Raleigh, N.C. — A Durham man is accused of breaking a window at the State Capitol building and vandalizing the governor's press office early Sunday.
Douglas Webster McClary, 35, likely had no political motive and simply went "on a Saturday night binge, so to speak," said State Capitol police Chief Scott Hunter.
"There seems to be no indication that any of this break-in or the events had any target or focused on the governor at all. It was just a random act," Hunter said.
Police said they caught McClary, of 410 Englewood Ave., in the second-floor stairwell after alarms went off around 2:30 a.m. He had broken a first-floor window on the west end of the building and climbed inside into the press office, police said.
Items were damaged in what Hunter described as "light vandalism." Decorations by the Raleigh Garden Club were damaged. One Christmas tree was knocked over, and a wreath was ripped from an outside door. A chair was thrown against a window, and all told, six window panes dating from the 1840s were damaged.
Arrest warrants say that McClary also damaged an American flag, water cooler, postcard display rack, fire extinguisher, two signs, wooden bench and flagpole.
"It seems that the damage done in the building, in the different places, that he just made a random trek through the building," Hunter said.
Nothing was stolen, and McClary didn't have any weapons, police said. There was no damage to equipment, such as laptops and phones, in the press office, said the governor's spokeswoman Chrissy Pearson.
Overall, the damage was minor compared to what it could have been, Hunter said.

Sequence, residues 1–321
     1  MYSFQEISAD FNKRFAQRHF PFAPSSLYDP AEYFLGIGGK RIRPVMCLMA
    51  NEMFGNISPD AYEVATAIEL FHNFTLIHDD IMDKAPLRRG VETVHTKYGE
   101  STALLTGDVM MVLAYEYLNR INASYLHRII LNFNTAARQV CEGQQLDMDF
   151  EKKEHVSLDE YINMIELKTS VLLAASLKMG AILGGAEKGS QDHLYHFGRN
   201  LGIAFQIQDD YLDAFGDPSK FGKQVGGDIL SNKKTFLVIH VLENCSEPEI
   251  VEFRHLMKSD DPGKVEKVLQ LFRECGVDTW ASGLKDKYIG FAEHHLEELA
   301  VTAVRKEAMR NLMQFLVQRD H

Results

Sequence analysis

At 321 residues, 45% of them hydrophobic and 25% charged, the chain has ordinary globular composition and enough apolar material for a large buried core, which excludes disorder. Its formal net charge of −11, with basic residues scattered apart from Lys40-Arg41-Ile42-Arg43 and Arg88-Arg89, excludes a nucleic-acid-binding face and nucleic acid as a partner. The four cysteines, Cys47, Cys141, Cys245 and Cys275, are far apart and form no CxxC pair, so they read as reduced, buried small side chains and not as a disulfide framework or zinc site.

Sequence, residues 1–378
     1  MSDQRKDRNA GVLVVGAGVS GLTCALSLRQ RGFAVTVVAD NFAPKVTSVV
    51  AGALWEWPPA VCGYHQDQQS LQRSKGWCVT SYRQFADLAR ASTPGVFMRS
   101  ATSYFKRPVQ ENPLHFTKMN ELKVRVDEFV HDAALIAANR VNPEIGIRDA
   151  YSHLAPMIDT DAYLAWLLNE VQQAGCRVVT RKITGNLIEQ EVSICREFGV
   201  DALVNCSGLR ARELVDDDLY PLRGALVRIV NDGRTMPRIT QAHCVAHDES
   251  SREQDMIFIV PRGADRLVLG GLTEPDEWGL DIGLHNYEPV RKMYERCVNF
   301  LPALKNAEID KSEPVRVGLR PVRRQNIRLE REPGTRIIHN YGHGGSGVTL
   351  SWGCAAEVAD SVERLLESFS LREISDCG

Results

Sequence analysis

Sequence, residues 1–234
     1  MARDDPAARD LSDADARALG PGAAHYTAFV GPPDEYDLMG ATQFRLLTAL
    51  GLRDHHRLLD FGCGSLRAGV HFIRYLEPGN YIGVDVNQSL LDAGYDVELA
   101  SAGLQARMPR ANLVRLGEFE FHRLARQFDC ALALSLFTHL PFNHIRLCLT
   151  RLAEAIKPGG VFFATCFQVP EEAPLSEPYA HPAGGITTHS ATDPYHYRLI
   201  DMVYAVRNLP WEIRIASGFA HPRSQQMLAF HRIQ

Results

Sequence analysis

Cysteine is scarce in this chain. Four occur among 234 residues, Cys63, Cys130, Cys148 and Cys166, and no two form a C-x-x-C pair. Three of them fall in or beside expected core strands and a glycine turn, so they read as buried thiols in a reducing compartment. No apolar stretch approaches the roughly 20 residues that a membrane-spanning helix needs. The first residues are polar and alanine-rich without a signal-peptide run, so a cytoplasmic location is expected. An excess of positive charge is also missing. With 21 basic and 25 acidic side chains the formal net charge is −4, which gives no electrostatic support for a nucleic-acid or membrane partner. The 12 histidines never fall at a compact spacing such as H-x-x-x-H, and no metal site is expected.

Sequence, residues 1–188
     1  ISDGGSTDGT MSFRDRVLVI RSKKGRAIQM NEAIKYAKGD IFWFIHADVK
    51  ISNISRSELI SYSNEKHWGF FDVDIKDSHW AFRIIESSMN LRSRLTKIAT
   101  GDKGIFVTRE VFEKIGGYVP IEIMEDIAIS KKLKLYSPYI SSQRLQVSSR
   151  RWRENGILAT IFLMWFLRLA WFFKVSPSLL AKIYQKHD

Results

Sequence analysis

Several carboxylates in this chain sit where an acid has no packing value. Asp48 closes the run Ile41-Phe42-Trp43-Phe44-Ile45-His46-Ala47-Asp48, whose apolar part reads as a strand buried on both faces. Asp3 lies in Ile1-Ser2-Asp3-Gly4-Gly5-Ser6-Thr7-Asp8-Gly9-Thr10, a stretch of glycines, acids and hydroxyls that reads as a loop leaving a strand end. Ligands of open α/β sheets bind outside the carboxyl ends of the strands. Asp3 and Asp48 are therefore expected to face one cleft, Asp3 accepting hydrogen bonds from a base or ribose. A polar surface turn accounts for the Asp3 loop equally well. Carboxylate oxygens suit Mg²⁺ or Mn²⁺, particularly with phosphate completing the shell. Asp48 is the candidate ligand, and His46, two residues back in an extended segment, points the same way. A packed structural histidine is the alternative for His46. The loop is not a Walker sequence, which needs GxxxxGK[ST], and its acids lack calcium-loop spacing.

"Worst-case scenario, some very, very vital things could have been stolen, and also, historical documents that are contained in the Capitol could have been damaged or stolen," the police chief said.
McClary seemed to be intoxicated when he was arrested, Hunter said, but testing is needed to confirm that. He was treated at WakeMed for minor injury sustained when breaking the window.
According to alumni records, McClary is employed at the Sanford School of Public Policy at Duke University.
He was charged with misdemeanor counts of breaking-and-entering, first-degree trespassing, injury to personal property and injury to real property. He is free after posting a $5,000 secured bond. His first court date is Jan. 20. Hunter said state law doesn't stipulate stiffer charges if such crimes occur at the State Capitol than at other locations.
The Governor's Office and the special Highway Patrol detail that protects the governor were notified of the break-in.
Hunter said that there are break-ins at the State Capitol from time to time, but the alarm system and officers on patrol keep them to a minimum.
"We're glad that the state police officers who are assigned to the downtown area were in position for a quick response, did what they were supposed to do, and that resulted in a successful end," he said.